Archive for January 22nd, 2013
Editor’s warning: This book review contains spoilers for the first book in the series, Darkship Thieves. If you do not wish for the ending to be spoiled, stop here. Unless you really want to know, in which case, read on.
For any protagonist, one’s spouse being shot in the head less than a year after being married is definitely something that makes the reader sit up. When the protagonist is Athena Hera Sinistra, it makes the reader wonder which world will burn first.
Sarah Hoyt’s latest Darkship novel, Darkship Renegades, picks up immediately after the end of the first book of the series, Darkship Thieves (reviewed here). Athena and Kit, her husband, have just escaped from captivity on Earth after killing her father-clone, the Good Man Sinistra, and triggered an (accidental) beginning of a revolution by releasing prisoners from the undersea fortress of Never Never. Flying their ship back to Eden, they are subsequently detained for being potential spies and collaborators of Earth (something they fought to distinguish against in the first book) once more. The heavy-handed Energy Board committee is beginning to flex their power over the daily life on Eden. Led by a devious man named Casteneda, the Energy Board is tightening the screws of their enemies, which includes Kit and his very extended family. In order to counteract this (and also to prove their loyalty), Athena, Kit, Doc Bartholomeu and the mysterious cat named Zen all volunteer to go to Earth and recover the power tree notes from the brilliant Mule, Jarl Ingemar, Kit’s clone-father, in hopes of recreating the power trees so that Eden would no longer be forced to steal from Earth and risk detection.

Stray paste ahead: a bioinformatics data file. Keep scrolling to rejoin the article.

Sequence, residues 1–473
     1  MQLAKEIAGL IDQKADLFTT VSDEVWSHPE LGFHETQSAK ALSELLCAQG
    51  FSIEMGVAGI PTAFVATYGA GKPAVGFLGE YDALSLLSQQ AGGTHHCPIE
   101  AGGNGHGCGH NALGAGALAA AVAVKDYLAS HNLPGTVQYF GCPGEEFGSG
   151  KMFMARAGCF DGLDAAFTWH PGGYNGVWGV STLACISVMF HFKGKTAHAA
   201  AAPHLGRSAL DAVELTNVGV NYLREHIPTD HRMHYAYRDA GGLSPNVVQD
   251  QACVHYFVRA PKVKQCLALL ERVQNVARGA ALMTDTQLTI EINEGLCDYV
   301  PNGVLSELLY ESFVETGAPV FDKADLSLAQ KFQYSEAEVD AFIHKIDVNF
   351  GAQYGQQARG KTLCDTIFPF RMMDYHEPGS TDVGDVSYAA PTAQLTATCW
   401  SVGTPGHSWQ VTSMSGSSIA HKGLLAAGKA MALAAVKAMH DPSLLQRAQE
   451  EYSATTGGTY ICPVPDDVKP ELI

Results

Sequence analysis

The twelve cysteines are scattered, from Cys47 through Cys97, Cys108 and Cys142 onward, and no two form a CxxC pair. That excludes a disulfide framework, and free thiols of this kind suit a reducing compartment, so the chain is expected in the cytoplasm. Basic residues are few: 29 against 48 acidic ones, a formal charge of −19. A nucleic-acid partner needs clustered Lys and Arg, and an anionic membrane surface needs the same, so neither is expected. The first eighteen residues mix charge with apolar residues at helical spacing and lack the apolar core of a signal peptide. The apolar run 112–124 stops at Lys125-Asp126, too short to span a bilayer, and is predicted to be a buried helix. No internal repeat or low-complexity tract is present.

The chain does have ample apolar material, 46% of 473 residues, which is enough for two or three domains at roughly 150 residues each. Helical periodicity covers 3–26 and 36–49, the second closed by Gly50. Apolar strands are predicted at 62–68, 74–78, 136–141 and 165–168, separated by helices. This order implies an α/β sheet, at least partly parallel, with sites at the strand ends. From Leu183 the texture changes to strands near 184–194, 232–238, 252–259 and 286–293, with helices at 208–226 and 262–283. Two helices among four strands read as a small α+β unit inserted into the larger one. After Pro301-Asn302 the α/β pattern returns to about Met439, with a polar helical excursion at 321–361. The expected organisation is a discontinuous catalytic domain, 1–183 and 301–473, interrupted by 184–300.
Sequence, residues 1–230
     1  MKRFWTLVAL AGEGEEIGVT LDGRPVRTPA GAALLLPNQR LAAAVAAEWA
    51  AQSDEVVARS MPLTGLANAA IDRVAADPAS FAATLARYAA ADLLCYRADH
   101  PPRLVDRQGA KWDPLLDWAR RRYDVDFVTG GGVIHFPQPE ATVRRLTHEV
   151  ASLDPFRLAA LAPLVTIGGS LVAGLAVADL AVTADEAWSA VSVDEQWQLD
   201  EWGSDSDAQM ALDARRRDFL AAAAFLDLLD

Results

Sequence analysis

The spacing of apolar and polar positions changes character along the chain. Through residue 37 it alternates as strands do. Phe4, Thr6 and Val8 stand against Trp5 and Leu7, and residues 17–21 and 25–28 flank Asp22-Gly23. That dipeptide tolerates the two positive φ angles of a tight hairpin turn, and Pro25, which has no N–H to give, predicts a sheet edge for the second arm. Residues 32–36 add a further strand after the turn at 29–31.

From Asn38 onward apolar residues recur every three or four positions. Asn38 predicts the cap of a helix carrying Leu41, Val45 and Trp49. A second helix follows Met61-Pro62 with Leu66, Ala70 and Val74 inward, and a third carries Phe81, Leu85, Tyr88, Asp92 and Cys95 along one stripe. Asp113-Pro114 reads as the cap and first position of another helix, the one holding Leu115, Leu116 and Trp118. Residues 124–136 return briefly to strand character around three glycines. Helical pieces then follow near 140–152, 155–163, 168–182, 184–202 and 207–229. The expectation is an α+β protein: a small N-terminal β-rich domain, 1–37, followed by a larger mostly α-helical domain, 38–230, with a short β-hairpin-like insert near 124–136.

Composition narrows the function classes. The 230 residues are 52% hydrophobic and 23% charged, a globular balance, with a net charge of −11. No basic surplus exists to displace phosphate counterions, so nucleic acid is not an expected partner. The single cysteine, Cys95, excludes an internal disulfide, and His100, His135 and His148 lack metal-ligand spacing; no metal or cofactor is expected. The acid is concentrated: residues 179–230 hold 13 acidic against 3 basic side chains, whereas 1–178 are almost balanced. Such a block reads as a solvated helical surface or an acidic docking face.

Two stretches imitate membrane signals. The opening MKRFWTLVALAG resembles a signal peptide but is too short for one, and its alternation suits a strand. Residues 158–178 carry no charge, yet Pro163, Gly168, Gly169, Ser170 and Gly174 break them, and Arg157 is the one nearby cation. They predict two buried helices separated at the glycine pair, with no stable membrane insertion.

It’s right about here when Kit is shot in the head and Doc Bartholomeu, in a desperate attempt to save Kit’s life, performs a strange procedure on Kit’s brain to save him. Unfortunately, this also “uploads” the partial consciousness of Kit’s clone-father, Jarl, who is immediately at odds with Kit and Athena over who gets to control Kit’s body and mind. They journey to Earth and struggle to piece together what is Kit’s brain and what is Jarl’s, while Athena is torn between the man she loves and a man who she hates residing in one body.
This book is heavier in politics than its predecessor, and also (I think) better written. The pacing isn’t as fast as Darkship Thieves, but the characters are deeper, more complex, and their story is far more fascinating this time around. While in the first book Kit was more playful and almost condescending in his attitude towards Athena, in this one he knows of her strengths and respects them far more. Of course, he (wisely) refrains from a condescending attitude this time, because one does not mock one’s wife without paying a hefty price.
Another intriguing facet of the book is Zen. An enigma early on, the reader discovers very quickly why her and Kit are connected and the bond they share. It helps build the potential of a future for Kit and Athena, beyond just their own, but of their potential descendants after them. It also shows a side of Athena (a jealous one) that the reader has yet to really see before. It adds to Athena’s character, I feel.
This book is very, very good. Not quite as good as Darkship Thieves, but better written. It’s hard to explain. Some parts of this book meandered whenever Athena’s mind wandered, which is right on target with what could happen when in a first-person narrative. But it also distracts at times, though not negatively, but building upon things that are evident later in the book. It can drive you crazy if you are not patient, but when all the pieces click together at the end, you find yourself smiling, nodding and wondering why you didn’t see that before.
A must-have book for the spring reading season, and a dark look at what could happen to even the most noble of causes.
—Reviewed by Jason